The revised executive order President Trump signed Monday that blocks immigrants from six predominantly-Muslim countries was assailed by Democratic lawmakers, civil libertarians and other opponents of the new administration.
The executive order, issued more than a month after the first edition was lambasted by critics and blocked in federal court, was dismissed by some as nothing more than a retouched "Muslim ban" — a label Trump and his team have rejected. The administration insists the revamped travel ban is both lawful and an urgent national security move.
"The Trump administration has conceded that its original Muslim ban was indefensible," said Omar Jadwat, director of the American Civil Liberty Union's Immigrants' Rights Project. "Unfortunately, it has replaced it with a scaled-back version that shares the same fatal flaws."
"President Trump is handing ISIS recruitment gold and is putting American lives at risk."
Some congressional Republicans and allies of the president rallied to his side, defending the new order as an important tool in the fight against terror.
"I believe the new order will withstand legal challenges as it’s drafted in a fashion as to not be a religious ban, but a ban on individuals coming from compromised governments and failed states," said Sen. Lindsey Graham, R-South Carolina, a defense hawk and occasional critic of the new president. "This Executive Order will help achieve President Trump’s goal of making us safer."
House Judiciary Committee Chairman Bob Goodlatte, R-Virginia, applauded the new order, stressing that the "primary duty of the federal government is to keep Americans safe."
Related: What’s Different About New Immigration Order?
The White House has said the 90-day ban on entry to the United States by people from six predominantly-Muslim countries — Iran, Somalia, Sudan, Yemen, Syria and Libya — and the temporary halt on all refugee admissions are the best ways to keep would-be terrorists out of the U.S. while the government reviews the current vetting system.
Many opponents of the revised executive order charge the White House with practicing religious discrimination dressed up as a country-specific travel embargo.
"The Trump Administration's repackaging has done nothing to change the immoral, unconstitutional and dangerous goals of their Muslim and refugee ban. This is the same ban, with the same purpose, driven by the same dangerous discrimination that weakens our ability to fight terror," House Minority Leader Nancy Pelosi, D-California, said in a statement.
That message was echoed by legislators and officials around the country. The attorney general of Washington state, one of the first states to sue Trump over the initial order — a suit that persuaded the 9th U.S. Circuit Court of Appeals to honor a lower court's decision to block the ban — took a more measured approach. "We are carefully reviewing the new Executive Order to determine its impacts on Washington State and our next legal steps," Washington Attorney General Bob Ferguson said.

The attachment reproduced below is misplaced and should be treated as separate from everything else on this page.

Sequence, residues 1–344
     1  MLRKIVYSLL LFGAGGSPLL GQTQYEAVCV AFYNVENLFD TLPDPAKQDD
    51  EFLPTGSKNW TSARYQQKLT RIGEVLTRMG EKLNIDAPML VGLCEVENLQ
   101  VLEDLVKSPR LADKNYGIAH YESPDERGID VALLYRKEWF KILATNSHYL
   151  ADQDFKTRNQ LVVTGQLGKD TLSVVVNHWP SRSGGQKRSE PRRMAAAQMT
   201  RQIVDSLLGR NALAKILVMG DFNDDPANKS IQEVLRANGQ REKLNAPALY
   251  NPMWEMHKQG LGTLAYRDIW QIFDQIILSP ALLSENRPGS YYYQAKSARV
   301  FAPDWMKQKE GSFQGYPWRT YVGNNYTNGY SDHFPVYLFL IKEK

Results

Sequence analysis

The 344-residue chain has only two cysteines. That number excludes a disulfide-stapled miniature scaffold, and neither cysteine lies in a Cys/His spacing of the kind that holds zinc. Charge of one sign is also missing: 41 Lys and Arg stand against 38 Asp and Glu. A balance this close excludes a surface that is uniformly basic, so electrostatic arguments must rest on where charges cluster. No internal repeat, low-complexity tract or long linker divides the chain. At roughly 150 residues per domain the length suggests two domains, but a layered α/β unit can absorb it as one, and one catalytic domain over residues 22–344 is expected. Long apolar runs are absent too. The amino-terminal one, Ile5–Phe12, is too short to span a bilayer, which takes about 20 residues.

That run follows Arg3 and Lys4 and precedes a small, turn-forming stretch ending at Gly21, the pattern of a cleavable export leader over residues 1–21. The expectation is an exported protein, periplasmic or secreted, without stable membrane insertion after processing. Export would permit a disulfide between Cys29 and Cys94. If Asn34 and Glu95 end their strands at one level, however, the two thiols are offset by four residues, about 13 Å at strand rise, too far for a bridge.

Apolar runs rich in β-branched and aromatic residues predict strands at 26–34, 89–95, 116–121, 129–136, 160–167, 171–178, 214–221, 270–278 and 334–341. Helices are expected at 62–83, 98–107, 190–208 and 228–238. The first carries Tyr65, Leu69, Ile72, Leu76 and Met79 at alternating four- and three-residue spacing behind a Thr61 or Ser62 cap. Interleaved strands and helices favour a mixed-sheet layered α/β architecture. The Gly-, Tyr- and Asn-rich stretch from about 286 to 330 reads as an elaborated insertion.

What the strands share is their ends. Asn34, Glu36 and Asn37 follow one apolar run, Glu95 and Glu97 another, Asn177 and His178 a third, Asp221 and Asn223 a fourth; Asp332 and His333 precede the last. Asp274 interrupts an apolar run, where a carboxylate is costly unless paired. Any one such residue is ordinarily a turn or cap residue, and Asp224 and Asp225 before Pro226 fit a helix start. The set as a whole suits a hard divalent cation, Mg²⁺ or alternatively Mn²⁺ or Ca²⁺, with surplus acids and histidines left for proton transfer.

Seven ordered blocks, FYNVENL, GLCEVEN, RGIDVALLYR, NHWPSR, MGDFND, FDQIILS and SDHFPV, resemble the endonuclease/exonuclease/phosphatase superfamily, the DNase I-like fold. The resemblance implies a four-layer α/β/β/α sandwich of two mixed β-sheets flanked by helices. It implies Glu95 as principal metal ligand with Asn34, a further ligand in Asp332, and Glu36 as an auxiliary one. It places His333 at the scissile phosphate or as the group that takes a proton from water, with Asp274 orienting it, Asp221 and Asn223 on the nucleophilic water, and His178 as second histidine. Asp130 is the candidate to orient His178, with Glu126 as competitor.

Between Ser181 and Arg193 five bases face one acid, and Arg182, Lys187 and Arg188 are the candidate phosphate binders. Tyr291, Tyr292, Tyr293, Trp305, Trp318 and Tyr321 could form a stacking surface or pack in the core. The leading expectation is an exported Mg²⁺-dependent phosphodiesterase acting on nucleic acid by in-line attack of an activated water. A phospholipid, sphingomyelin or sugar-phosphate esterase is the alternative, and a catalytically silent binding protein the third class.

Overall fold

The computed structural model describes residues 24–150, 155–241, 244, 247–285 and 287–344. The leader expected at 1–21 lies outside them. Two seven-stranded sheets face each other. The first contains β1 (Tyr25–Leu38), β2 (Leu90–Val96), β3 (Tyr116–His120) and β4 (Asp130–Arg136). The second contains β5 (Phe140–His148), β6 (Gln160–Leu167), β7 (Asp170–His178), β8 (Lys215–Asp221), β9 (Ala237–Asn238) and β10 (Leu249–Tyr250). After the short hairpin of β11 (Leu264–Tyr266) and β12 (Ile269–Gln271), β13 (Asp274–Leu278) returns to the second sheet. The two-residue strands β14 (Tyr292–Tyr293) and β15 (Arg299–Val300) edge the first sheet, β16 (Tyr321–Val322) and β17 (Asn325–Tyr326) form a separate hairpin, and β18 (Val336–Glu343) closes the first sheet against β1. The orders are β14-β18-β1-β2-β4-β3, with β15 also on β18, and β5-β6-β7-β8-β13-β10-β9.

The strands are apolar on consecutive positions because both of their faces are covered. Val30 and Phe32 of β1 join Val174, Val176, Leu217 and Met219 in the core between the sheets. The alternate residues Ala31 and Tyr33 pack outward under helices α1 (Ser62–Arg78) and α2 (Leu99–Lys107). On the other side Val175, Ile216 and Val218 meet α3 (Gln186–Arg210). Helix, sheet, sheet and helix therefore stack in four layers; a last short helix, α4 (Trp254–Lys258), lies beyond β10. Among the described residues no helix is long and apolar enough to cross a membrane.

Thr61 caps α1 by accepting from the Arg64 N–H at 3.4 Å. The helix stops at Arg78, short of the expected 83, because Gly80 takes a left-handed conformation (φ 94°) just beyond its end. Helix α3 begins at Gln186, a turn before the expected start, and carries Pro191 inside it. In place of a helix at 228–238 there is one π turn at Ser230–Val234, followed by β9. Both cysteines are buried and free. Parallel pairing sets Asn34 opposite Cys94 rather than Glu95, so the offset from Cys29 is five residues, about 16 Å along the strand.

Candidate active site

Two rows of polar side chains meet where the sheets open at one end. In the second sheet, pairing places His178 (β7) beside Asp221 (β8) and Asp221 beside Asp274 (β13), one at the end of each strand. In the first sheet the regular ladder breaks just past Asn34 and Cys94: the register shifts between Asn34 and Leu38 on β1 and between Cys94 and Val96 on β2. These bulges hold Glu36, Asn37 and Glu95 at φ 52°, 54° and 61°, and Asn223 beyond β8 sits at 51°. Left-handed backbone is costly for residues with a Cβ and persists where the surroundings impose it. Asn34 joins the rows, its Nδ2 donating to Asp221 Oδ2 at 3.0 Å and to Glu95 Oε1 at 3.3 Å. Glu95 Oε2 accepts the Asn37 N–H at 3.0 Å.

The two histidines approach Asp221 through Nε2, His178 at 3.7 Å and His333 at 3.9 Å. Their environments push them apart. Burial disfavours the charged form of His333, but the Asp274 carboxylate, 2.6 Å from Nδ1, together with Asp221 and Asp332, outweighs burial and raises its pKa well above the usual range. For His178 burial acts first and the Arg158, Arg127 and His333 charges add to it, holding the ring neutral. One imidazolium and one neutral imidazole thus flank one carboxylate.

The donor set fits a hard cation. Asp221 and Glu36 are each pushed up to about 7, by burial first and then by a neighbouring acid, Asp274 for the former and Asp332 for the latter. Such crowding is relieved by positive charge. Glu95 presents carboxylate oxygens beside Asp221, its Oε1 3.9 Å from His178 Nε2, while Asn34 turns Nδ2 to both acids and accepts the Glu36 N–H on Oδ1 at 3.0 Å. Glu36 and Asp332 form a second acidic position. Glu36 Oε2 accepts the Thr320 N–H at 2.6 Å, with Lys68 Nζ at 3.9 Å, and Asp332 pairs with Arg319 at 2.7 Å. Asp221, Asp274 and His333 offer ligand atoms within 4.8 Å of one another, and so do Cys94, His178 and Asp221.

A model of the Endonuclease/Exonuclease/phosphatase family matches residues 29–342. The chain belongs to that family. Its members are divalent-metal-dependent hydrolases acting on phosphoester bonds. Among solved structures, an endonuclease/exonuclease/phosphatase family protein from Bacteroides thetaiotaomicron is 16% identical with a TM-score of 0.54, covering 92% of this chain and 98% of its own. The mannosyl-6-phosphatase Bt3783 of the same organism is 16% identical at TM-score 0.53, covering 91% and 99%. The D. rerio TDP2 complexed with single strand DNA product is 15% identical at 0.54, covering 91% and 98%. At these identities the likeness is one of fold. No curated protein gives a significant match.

Some critics of the president have suggested the immigration order is a gift to the terrorists.
"President Trump is handing ISIS recruitment gold and is putting American lives at risk," said Sen. Chris Murphy, D-Connecticut, a member of the Senate Foreign Relations Committee. "Our enemies' dream is to paint a picture of global war between Islam and the West, and today's travel ban plays right into their hands."
That view was backed by ten former senior U.S. diplomats and security officials who argued last month that a temporary entry ban "could do long-term damage" to the United States' national security and foreign policy interests, endanger troops and intelligence agents and could even disrupt efforts to prevent terror attacks.
At a briefing shortly after Trump signed the new executive order, key members of his Cabinet — Secretary of State Rex Tillerson, Homeland Security Secretary John Kelly and Attorney General Jeff Sessions — stressed that the president was acting in the national interest. Tillerson said federal agencies would be sure to "coordinate" on the new edict — a shift from an initial roll-out that critics in both parties decried as hasty and disorganized.
For all the substantive changes in the new temporary immigration ban and the subtle shift in tone — Trump signed the revised order behind closed doors, without fanfare before TV cameras or on Twitter — critics of the Trump administration were adamant that it did not pass muster.
"A watered down ban is still a ban," Senate Minority Leader Charles Schumer, D-New York, said.